This house, organised around a south-facing courtyard overlooking a large rear garden, is situated in a leafy suburb in the south west of Berlin. Although designed to reveal a distinct sequence of rooms and to forge a clear relationship between inside and outside space, it was the building’s material that became the foremost determining element in its architecture. Enveloped entirely in brick, this skin lent the house a physical solidity reminiscent of the early Modernist houses of Erich Mendelsohn and Mies van der Rohe (particularly Mies’ three brick house projects – Wolf, Esters, and Lange). The irregularity of this textured, hand-made brick finish also effects a powerful contrast with the smoothness of the steel-framed glazing, so that the house expresses differences in its materiality.
Defined by its brick surfaces, the house appears from the street as an assemblage of opaque layers, ambiguously expressing the brickwork both as a massive physical presence and at the same time manipulating it to respond to its abstract composition. The result, constructed from a limited palette of materials, presents itself as an interlocked composition of material and form, abstract space and domestic programme.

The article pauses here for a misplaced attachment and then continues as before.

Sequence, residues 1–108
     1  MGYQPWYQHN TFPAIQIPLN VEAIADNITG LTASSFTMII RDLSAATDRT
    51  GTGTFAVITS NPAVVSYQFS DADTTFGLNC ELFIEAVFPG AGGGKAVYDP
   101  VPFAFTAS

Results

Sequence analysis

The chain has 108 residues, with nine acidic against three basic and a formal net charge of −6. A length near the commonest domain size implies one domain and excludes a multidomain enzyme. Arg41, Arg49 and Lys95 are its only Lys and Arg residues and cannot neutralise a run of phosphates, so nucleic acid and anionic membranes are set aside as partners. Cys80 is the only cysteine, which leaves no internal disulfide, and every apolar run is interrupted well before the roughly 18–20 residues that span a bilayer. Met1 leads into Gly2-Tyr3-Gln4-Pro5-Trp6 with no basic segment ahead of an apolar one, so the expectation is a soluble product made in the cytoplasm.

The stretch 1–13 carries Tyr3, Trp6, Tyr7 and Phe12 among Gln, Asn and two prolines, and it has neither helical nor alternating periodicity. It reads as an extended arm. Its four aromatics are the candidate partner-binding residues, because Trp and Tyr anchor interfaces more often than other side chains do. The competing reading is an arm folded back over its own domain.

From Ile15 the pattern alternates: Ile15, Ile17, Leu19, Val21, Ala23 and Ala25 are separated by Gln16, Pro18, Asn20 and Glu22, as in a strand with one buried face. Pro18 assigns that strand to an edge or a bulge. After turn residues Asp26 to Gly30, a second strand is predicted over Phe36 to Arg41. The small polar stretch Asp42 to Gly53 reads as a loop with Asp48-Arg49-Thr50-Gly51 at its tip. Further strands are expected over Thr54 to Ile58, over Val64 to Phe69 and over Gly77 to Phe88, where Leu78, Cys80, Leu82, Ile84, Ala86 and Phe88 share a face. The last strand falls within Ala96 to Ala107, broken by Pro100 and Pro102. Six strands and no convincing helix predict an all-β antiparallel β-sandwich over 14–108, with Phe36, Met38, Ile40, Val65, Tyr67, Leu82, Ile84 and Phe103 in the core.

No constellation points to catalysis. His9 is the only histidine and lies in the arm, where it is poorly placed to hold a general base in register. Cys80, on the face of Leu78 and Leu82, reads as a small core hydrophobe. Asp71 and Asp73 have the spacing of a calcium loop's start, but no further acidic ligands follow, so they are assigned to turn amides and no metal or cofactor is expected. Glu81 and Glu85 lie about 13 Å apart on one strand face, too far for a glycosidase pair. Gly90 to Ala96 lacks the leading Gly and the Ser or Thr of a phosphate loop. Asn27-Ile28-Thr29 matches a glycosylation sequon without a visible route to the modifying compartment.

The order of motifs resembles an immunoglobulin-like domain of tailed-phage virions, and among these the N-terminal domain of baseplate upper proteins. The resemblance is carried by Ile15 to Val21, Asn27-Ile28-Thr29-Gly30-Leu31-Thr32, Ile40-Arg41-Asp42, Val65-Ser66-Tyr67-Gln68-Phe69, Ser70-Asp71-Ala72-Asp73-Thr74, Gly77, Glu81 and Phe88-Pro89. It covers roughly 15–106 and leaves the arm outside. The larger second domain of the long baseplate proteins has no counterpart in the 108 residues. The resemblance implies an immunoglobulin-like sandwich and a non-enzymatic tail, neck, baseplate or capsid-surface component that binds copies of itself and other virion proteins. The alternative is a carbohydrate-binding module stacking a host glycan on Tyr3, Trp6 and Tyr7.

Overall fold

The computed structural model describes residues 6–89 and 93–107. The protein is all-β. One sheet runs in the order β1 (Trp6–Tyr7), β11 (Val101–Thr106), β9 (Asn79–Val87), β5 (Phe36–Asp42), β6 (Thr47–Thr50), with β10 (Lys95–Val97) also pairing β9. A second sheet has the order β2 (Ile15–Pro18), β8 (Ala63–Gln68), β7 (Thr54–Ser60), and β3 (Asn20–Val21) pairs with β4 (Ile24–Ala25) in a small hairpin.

David Chipperfield Architects; M.J. Zielinski: Michael Zielinski (arquitecto local contact architect)
Philipp Auer, Brigitte Becker, Stevan Brown, David Chipperfield, Jamie Fobert, Mark Randel, Eva Schad, Mia Sclegel, Mechthild Stuhlmacher, Henning Stummel; The Network/Richard Armiger (maquetas model making)
Katrin Lesser Sayrac (paisajismo landscape architect); Rene Becker, Gotthard Gonsior (estructura structural engineer); Büro Fitz: Hans Jürgen Fitz (instalaciones services engineer)
Firma Bargenda Bau: Eberhard Bargenda